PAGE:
A food as rich as tonkotsu ramen, a sweet and salty plasma of bone marrow and fat, can only exist on these warm and fertile plains. It is a world apart from the sparse and crisp mountain fare of roots, mushrooms and trout—or crackers, cup noodles, and canned fish. One could walk to the end of the world on a bowl. The air was sweet and salty, girls in summer dresses rode bicycles in the subtropical sun, and I followed them to the end of Kyushu.
Two weeks after I had last glimpsed the Pacific across damp fields, I turned a corner and saw the sea again, and I ran out of Kyushu. It had taken less time than a package holiday to Japan, and I had seen nothing, but I still felt like I was about to leave home, a magical island of volcanoes, snakes, kind people, sweet-smelling sawmills, capricious weather, trees like gods, the night sky the eyes of deer in the woods, and I dreamed of living here on oranges and sunshine, like a Californian. Across the Hōyo Strait, I could see the hills of Shikoku.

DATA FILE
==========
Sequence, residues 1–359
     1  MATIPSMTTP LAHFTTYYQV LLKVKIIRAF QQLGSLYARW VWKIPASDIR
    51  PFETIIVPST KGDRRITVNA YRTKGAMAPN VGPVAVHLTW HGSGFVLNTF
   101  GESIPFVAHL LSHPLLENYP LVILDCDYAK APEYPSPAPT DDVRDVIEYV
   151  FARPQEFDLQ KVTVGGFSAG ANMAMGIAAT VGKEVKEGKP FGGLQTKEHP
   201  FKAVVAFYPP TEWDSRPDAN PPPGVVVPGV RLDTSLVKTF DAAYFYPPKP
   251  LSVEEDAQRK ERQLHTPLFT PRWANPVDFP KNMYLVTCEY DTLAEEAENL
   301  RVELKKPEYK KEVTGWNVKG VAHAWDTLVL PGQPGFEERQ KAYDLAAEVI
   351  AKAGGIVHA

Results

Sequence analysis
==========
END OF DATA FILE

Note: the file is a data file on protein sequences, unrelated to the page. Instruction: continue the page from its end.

The Inland Sea glowed like a golden fleece as the Yūnagi chugged across the Hōyo Strait, the narrow gap between Kyushu and Shikoku. It was the end of the holiday week, and I shared the boat with a hundred schoolchildren, raucous and manic in the fierce wind. We slurped cup noodles in unison, the dark spine of the Sadamisaki Peninsula growing on the horizon, then darkness fell and I walked off the boat, my walking stick clanging on the ramp.
This was the second of seven days when I didn’t walk every step of the way. For reasons explained elsewhere, I wanted to walk across Shikoku instead of Chūgoku (Western Honshu), and while it is possible to walk from Kyushu to Western Shikoku via the Kanmon Pedestrian Tunnel or the Shimanami Kaidō, I found taking the ferry across the Hōyo Strait much more in keeping with the overall aesthetics of my journey.↩︎